I was really happy that I got to go home. My mom was not. I think she was shocked they didn't give me a c-section right there and then, lol. All day and all night she kept telling me to call doctor or hospital, but I knew the path to a natural birth can sometimes be a long one. I knew it shouldn't be rushed.  Mom may be in town for my next birth, but I'm glad she was 4hrs away for this one!
Wednesday was long, but manageable. The most annoying thing was I really wanted to be without underwear, but I kept losing pieces of my mucus plug. Gross, I know. I ended up carrying a towel with me and just having it under me everywhere I went.  We went for walks during the day. In the evening I played a lot of xbox. I took hot showers.  I began to get really tired. I'd been up since 2am, I think around 1 or 2am Thursday morning (24hrs into labor) I realized I had to go to bed, even if the contractions wouldn't stop. That is when the night became unbearable. I still couldn't endure a contraction lying down and they came every 4 to 6 minutes.  I would collapse in bed, only to be awakened 6 minutes later. I would then leap out of bed and lean against the dresser during the contraction, and collapse in bed again. This lasted until 5am (27hrs into labor), when Yerodin decided he was part of the problem. He thought I would sleep better by myself, and decided to go into work. He was right! Although, I still don't understand why.  He went to work, and my contractions spaced out to every 20 minutes. Those long periods of sleep between 5 and 8am carried me through the entire rest of my labor. I'm not sure what would have happened if I hadn't had them.

At 8am (30hrs into labor) I got up, had some toast, took a shower, and got on the treadmill. I didn't want to walk outside, in labor, by myself. I was trying to get the contractions back to every 4 minutes by walking.  They were down to about every 15 minutes by 8:30am when I called my doctors office. Luckily, my doctor was on call!  I was definitely wanting to go in. I knew they might send me to the hospital if I was still only 2cm, but it had been so long and didn't seem like I was making any progress. I wanted to talk to my doctor's nurse, not just the office personnel. They put me to her voicemail and I left a tearful message. She called me back and said she definitely thought I should come in and get checked, but that my doctor wouldn't be available until 1pm. I was fine with that because I was still hesitant about the whole early hospital trip. I planned to spend the entire morning on the treadmill trying to get those contractions more together. Alas, the nurse got nervous I guess and called the doctor in surgery. They cancelled the doctors lunch hour and decided to see me at 11am (33hrs into labor).  I called Yerodin home and we repacked everything. By this time my mom was freaking out about how long I'd been in labor, but I knew it was my first baby and natural labors just take longer. I wasn't scared of pain anymore. At this point I had grown so accustomed to the intense pain of contractions I was confident I could handle the worst. I was afraid that we'd go to the doctor and she'd tell me I was still at 2.5 cm after all that labor. I thought that might lead to me having a c-section just like my mother. We went in and did a non-stress test. All was well, and then the dreaded check. I was 5cm! I was thrilled. I felt capable of delivering a baby vaginally.  My mothers birth story would not be my own. The doctor recommended we go to the hospital and I agreed. Looking back, my expectations of what the rest of my birth would be were naive, but all turned out well because I had confidence in my self and my ability to give birth.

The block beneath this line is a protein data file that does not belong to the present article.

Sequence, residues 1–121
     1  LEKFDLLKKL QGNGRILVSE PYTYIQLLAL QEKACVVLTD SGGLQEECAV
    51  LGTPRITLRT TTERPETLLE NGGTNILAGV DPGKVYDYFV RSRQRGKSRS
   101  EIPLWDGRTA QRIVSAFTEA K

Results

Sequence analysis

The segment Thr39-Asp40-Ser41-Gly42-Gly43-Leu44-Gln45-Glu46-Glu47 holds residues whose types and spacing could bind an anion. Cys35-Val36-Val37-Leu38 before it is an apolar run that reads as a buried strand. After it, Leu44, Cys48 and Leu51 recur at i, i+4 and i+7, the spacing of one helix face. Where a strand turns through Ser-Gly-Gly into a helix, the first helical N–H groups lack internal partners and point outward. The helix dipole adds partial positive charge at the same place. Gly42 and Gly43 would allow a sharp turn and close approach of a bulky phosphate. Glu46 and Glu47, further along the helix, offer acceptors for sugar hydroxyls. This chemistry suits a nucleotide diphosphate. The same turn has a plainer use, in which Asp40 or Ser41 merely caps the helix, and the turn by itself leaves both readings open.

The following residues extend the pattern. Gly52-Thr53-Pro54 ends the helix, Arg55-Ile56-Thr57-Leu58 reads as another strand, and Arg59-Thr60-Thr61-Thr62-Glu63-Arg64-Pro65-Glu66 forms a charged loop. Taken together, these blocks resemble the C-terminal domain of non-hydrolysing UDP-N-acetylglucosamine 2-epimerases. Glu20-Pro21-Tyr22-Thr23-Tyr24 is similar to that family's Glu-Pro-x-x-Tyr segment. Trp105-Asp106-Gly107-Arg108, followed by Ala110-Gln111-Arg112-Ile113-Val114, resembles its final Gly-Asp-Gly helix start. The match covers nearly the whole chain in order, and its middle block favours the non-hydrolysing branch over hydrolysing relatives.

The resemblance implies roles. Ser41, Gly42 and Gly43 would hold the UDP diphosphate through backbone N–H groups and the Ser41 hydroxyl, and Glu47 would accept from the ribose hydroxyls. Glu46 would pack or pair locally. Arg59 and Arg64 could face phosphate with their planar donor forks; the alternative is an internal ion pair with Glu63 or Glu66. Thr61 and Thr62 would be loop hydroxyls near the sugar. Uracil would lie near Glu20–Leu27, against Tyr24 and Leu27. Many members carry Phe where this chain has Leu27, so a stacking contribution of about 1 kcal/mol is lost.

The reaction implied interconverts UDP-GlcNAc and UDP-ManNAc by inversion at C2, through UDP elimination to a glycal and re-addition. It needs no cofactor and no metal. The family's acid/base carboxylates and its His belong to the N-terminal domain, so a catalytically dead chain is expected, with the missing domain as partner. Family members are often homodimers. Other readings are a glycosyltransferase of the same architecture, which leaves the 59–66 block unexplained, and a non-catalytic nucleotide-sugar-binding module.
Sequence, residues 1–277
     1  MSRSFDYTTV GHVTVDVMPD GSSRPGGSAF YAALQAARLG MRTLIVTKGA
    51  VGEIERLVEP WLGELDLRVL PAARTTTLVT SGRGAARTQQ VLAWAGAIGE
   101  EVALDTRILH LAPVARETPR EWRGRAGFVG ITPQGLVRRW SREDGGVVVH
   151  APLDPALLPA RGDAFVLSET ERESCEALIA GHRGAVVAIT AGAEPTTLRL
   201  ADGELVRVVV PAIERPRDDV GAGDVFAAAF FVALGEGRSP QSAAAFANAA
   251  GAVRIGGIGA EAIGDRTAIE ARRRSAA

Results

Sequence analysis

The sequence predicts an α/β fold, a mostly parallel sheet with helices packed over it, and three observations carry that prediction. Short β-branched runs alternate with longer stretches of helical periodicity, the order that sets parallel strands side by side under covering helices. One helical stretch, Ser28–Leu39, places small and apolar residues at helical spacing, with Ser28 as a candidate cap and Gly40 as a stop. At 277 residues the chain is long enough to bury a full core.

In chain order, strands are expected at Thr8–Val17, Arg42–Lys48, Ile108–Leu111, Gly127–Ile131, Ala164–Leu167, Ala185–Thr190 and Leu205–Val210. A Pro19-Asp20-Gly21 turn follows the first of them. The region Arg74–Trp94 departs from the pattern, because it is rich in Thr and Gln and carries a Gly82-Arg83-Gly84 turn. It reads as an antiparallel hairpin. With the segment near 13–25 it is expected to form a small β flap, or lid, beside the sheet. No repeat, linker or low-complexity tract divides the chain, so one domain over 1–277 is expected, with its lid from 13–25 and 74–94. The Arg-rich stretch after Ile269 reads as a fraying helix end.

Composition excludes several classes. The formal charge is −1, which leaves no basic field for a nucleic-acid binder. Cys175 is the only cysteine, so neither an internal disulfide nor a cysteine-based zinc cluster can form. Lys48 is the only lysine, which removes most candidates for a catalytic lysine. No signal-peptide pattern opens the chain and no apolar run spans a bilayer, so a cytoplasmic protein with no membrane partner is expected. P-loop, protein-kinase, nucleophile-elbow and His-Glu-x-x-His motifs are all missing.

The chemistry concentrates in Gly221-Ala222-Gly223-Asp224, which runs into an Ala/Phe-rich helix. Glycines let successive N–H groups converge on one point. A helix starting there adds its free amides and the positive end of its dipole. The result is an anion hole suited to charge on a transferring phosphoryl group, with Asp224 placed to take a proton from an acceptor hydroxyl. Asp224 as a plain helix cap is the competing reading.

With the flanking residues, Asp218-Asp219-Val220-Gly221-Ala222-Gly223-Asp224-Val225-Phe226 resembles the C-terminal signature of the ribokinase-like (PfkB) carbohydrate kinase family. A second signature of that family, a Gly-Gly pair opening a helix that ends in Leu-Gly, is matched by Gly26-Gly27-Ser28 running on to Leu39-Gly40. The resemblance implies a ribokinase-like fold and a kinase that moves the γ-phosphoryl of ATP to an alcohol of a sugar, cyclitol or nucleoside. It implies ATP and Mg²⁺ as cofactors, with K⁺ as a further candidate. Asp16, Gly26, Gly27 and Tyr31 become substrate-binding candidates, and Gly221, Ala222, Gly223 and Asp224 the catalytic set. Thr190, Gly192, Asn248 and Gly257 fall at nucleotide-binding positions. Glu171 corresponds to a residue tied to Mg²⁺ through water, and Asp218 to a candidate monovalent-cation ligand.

We took a while to find the birthing suite, but my contractions were still fairly far apart. Around 10 to 15 minutes or so. We got checked in, and I had to go on the monitor right away. Contractions in bed were brutal, but not as bad as my night time contractions. They were bad enough to kind of piss me off at hospital procedures though. To check me in I got an experienced motherly type nurse and a nurse in training. It was her first week as a nurse, and being an L&D nurse had been her dream. Her wonderment at it all made me feel lucky to be there, even though she didn't label my blood correctly and it had to be redrawn.  Throughout the hospital experience, my constant annoyance was the worry about the baby when I knew he was fine. I finally got off the monitor, but had to go back on for 20 minutes at the start of every hour to check on the baby. I knew he was fine. There wasn't a doubt in my mind so it all seemed so pointless.  During our 40min bouts of freedom I did laps around the nursery. DH got food at the cafeteria. (for him, no eating allowed for me, but I could drink anything I wanted. Even diet coke.)

At shift change, the nurses and front desk clerks told me they couldn't wait to see the baby tomorrow. At this point I'd been in labor so long I was surprised they'd assume I'd have a baby by tomorrow. I thought since it had taken 2 days to get to 5 cm, we had another 2 days to go.  Around 7pm (41hrs into labor) my doctor checked me and I was almost at 6cm. She wasn't happy with my progress. We'd been at the hospital 3 hrs and not moved a whole cm.  I said no to pitocin.  She said she'd check me again at 9pm and at that point I should really consider pitocin.  She also said there was a thing called uterine exhaustion, that my uterus had been working for a long time and could get exhausted and stop performing. I got into the jacuzzi tub, and my mom called. We talked about it for a while and I decided to go with the pitocin. I was ready to get this over with, and I felt like if they were going to make me do it at 9pm I might as well just do it now.  From the jacuzzi I told the nurse I would agree to pitocin, and the doctor agreed from afar. She never returned until I was pushing, but checked on my progress from afar.  I don't really blame her. She was obviously in for a late night and probably off sleeping.